It appears that the update for mongoOperations do not trigger the events in AbstractMongoEventListener.

This post indicates that was at least the case in Nov 2014

Is there currently any way to listen to update events like below? This seems to be quite a big omission if it is the case.




This is no oversight. Events are designed around the lifecycle of a domain object or a document at least, which means they usually contain an instance of the domain object you're interested in.

Updates on the other hand are completely handled in the database. So there are no documents or even domain objects handled in MongoTemplate. Consider this basically the same way JPA @EntityListeners are only triggered for entities that are loaded into the persistence context in the first place, but not triggered when a query is executed as the execution of the query is happening in the database.

  • thanks for your comment but I still consider this an oversight. Your comment that "Events are designed around the lifecycle of a domain object or a document at least" to me does not exclude updates, in which you refer to a domain object, by class, as in MongoTemplate.updateMulti(query, update, DomainObject.class, collectionName); That implies that $update is a piece of a domain object, referencable by $query, and of type DomainObject. – rogodeter Mar 7 '16 at 16:13
  • Even if that does not exclude updates to you, the only way to implement that would basically subvert the efficiency of the update operation, as we'd have to read the document first, materialize ist, trigger events and then write it back. This completely subverts the intent of the update operation, which is supposed to be executed in the database. If you want the domain objects to be materialized, read them, change them and write them back. You can't have both at the same time. That's how databases (in this case MongoDB) works. – Oliver Drotbohm Mar 7 '16 at 16:17
  • What about if the hypothetical update listener (onBeforeUpdate) just provided the query DBO and update DBO to the listener. That would serve at least two use cases I'm thinking of. First is staling an etag object (which is stored in another database), second is sending a webhook with updated state information. – rogodeter Mar 7 '16 at 17:22
  • Although I don't agree with the rationale, nor that a solution here [necessarily] has to subvert the efficiency of update(), this is the correct answer to my original question. – rogodeter Mar 8 '16 at 19:43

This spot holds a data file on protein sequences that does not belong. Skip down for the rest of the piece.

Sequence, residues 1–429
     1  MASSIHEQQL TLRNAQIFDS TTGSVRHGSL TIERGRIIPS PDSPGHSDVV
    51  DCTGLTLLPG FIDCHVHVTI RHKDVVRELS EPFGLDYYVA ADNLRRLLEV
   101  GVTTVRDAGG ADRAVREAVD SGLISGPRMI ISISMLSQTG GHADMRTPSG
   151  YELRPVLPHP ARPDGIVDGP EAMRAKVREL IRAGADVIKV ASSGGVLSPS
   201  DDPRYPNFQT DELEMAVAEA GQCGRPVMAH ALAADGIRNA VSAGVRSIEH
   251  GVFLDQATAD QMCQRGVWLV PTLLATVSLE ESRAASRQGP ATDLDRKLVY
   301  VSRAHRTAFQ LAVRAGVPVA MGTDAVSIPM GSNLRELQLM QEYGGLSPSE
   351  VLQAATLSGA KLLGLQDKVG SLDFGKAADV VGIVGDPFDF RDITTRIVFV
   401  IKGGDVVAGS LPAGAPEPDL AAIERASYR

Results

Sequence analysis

I know it's too late to answer this Question, I have the same situation with MongoTemplate.findAndModify method and the reason I needed events is for Auditing purpose. here is what i did.

1.EventPublisher (which is ofc MongoTemplate's methods)

public class CustomMongoTemplate extends MongoTemplate {

    private ApplicationEventPublisher applicationEventPublisher;

    public void setApplicationEventPublisher(ApplicationEventPublisher
                                                         applicationEventPublisher) {
        this.applicationEventPublisher = applicationEventPublisher;

   //Default Constructor here

    public <T> T findAndModify(Query query, Update update, Class<T> entityClass) {
        T result = super.findAndModify(query, update, entityClass);

        //Publishing Custom Event on findAndModify
        if(result!=null && result instanceof Parent)//All of my Domain class extends Parent
            this.applicationEventPublisher.publishEvent(new AfterFindAndModify

        return result;
    } }

2.Application Event

public class AfterFindAndModify extends ApplicationEvent {

    private DocumentAuditLog documentAuditLog;

    public AfterFindAndModify(Object source, String documentId,
                            String documentObject) {
        this.documentAuditLog = new DocumentAuditLog(documentId,
                documentObject,new Date(),"UPDATE");

    public DocumentAuditLog getDocumentAuditLog() {
        return documentAuditLog;

3.Application Listener

public class FindandUpdateMongoEventListner implements ApplicationListener<AfterFindAndModify> {

    MongoOperations mongoOperations;

    public void onApplicationEvent(AfterFindAndModify event) {

and then

@EnableMongoRepositories(basePackages = "my.pkg")
@ComponentScan(basePackages = {"my.pkg"})
public class MongoConfig extends AbstractMongoConfiguration {


    public FindandUpdateMongoEventListner findandUpdateMongoEventListner(){
        return new FindandUpdateMongoEventListner();


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